Regular Use of Low-Dose Aspirin May Lower Risk of Women’s Breast Cancer, Study Reports

Regular Use of Low-Dose Aspirin May Lower Risk of Women’s Breast Cancer, Study Reports

Regular use of low-dose baby aspirin reduces the risk of women’s breast cancer, according to the first research to reach such a conclusion.

Aspirin is already known to reduce the risk of people having heart disease, colon disease and other conditions.

The research involved a subset of patients in the huge California Teacher’s Study. Titled “Regular and low-dose aspirin, other non-steroidal anti-inflammatory medications and prospective risk of HER2-defined breast cancer: the California Teachers Study,” it was published online in Breast Cancer Research.

Women who took 81 mg of aspirin at least three times a week were at 16 percent lower risk of developing breast cancer, according to Dr. Leslie Barnstein’ research team at City of Hope, a renowned cancer center in Duarte, California.

Another important finding was that regular doses of aspirin reduced the risk of a woman developing the most common breast cancer subtype, HER2 negative breast cancer, by 20 percent.

“We already knew that aspirin is a weak aromatase inhibitor and we treat women with breast cancer with stronger aromatase inhibitors since they reduce the amount of estrogen postmenopausal women have circulating in their blood,” Bernstein said in a press release. “We thought that if aspirin can inhibit aromatase, it ought to reduce the likelihood that breast cancer would develop, and it could also be an effective way to improve breast cancer patients’ prognosis once they no longer take the more potent aromatase inhibitors. Aspirin also reduces inflammation, which may be another mechanism by which aspirin taken regularly can lower risk of breast cancer developing or recurring.”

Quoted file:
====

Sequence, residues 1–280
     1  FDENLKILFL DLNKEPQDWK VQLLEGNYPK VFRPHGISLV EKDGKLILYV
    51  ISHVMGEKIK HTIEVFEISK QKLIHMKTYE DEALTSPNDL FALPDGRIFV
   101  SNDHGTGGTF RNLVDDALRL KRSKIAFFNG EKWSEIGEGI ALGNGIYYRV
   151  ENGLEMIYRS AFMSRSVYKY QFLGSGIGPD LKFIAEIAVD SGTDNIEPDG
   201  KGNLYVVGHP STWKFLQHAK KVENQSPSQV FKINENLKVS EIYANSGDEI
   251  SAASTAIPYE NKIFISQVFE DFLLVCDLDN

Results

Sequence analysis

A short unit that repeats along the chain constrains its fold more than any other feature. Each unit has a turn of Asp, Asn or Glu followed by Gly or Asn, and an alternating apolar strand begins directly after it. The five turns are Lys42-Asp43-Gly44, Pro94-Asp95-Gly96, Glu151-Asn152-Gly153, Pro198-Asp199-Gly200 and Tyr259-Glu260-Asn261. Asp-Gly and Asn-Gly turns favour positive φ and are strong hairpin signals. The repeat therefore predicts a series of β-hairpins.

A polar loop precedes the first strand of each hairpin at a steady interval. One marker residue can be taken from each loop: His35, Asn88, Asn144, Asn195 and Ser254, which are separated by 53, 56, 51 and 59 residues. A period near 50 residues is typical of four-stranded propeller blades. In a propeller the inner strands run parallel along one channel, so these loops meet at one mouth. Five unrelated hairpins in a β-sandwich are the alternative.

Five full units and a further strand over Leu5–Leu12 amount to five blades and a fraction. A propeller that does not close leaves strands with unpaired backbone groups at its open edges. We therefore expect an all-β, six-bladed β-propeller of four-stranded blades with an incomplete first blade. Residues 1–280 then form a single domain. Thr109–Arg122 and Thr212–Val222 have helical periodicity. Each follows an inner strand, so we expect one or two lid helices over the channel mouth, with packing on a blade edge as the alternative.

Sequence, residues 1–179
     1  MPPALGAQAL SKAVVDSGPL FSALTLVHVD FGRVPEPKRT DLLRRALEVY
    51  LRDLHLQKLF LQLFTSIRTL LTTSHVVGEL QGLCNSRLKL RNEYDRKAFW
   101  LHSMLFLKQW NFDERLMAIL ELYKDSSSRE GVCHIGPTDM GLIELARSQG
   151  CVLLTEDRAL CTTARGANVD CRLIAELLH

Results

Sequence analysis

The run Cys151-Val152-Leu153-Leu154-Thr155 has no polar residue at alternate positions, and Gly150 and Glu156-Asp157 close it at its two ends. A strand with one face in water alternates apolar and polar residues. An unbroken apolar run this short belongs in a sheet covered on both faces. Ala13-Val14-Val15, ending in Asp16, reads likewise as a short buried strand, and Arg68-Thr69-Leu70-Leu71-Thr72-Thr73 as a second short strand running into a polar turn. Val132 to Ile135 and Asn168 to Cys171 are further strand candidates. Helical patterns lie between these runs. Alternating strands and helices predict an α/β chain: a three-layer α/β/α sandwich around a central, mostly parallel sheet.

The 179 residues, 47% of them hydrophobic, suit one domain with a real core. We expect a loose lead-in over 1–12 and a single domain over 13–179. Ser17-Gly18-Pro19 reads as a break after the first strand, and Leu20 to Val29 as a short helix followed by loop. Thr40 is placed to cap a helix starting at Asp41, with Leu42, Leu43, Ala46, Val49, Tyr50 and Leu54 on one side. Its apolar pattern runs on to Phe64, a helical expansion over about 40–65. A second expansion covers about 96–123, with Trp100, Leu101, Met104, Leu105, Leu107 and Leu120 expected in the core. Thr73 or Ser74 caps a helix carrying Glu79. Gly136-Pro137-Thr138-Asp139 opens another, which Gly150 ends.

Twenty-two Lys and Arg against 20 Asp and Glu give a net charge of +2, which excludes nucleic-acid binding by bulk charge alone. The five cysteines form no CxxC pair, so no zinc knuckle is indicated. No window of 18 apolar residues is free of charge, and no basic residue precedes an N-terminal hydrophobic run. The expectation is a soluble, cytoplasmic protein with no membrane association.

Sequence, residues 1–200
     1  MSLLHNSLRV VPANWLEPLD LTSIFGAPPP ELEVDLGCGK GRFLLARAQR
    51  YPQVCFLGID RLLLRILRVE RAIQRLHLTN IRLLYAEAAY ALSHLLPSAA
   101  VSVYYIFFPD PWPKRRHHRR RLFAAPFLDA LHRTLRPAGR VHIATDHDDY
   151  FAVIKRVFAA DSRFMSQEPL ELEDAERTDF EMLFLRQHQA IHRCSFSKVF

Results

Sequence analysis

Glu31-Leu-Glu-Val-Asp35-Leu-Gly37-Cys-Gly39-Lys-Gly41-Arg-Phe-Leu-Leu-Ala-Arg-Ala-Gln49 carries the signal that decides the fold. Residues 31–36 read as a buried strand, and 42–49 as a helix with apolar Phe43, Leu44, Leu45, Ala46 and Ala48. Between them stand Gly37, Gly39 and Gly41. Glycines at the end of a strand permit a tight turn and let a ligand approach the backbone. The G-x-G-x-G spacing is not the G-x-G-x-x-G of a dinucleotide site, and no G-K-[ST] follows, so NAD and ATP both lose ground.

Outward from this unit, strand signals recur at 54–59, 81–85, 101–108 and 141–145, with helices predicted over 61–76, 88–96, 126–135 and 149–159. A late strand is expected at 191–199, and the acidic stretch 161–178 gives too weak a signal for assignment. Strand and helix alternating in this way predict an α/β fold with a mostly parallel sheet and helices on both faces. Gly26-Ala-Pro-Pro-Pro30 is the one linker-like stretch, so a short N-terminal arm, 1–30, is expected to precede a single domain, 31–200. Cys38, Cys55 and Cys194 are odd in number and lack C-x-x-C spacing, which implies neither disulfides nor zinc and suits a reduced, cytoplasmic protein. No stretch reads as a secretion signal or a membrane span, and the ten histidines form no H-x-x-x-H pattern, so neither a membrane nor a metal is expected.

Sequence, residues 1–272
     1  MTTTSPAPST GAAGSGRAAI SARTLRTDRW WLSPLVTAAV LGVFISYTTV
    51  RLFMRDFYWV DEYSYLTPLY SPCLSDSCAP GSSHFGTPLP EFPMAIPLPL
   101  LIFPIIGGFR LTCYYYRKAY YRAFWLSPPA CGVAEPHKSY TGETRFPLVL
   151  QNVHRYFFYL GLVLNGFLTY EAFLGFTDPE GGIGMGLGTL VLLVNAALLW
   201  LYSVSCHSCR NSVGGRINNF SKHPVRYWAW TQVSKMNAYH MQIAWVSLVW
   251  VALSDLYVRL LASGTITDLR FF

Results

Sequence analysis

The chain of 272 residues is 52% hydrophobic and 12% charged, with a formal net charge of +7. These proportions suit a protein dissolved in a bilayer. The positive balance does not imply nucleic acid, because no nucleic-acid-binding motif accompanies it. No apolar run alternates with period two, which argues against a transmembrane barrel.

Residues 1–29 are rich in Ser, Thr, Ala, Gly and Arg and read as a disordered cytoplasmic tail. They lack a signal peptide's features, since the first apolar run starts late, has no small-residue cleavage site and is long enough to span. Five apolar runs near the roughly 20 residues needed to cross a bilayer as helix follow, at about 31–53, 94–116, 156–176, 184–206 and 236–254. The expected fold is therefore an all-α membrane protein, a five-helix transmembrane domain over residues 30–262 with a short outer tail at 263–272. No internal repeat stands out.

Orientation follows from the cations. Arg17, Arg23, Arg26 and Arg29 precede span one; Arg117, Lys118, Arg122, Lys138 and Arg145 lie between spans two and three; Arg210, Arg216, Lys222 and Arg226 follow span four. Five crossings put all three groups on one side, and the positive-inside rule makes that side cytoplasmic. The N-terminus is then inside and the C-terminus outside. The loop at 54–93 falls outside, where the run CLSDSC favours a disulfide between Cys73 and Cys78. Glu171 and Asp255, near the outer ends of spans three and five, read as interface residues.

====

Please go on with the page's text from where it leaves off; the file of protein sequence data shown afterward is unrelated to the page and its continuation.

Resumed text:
The California Teacher’s Study covered 57,164 women who answered questions in 2015 about the history of cancer in their family, menstrual and reproductive history, use of aspirin or hormones, weight and height, diet, alcohol use, living environment, and physical activity.

Among the respondents, 1,457 developed invasive breast cancer after 2013.

Researchers focused on baby aspirin because it is cheap and helps prevent other diseases. The study was also the first to track low-dose aspirin, as opposed to regular aspirin.

“The study found an interesting protective association between low-dose aspirin and breast cancer,” said Dr. Christina A. Clarke of the Cancer Prevention Institute of California, the lead author of the study.

“We did not by and large find associations with the other pain medications like ibuprofen and acetaminophen. We also did not find associations with regular aspirin since this type of medication is taken sporadically for headaches or other pain, and not daily for prevention of cardiovascular disease,” Clarke said. “Now that we have some data separating low-dose from higher-dose aspirin, more detailed research can be undertaken to understand the full value of low-dose aspirin for breast cancer prevention.”

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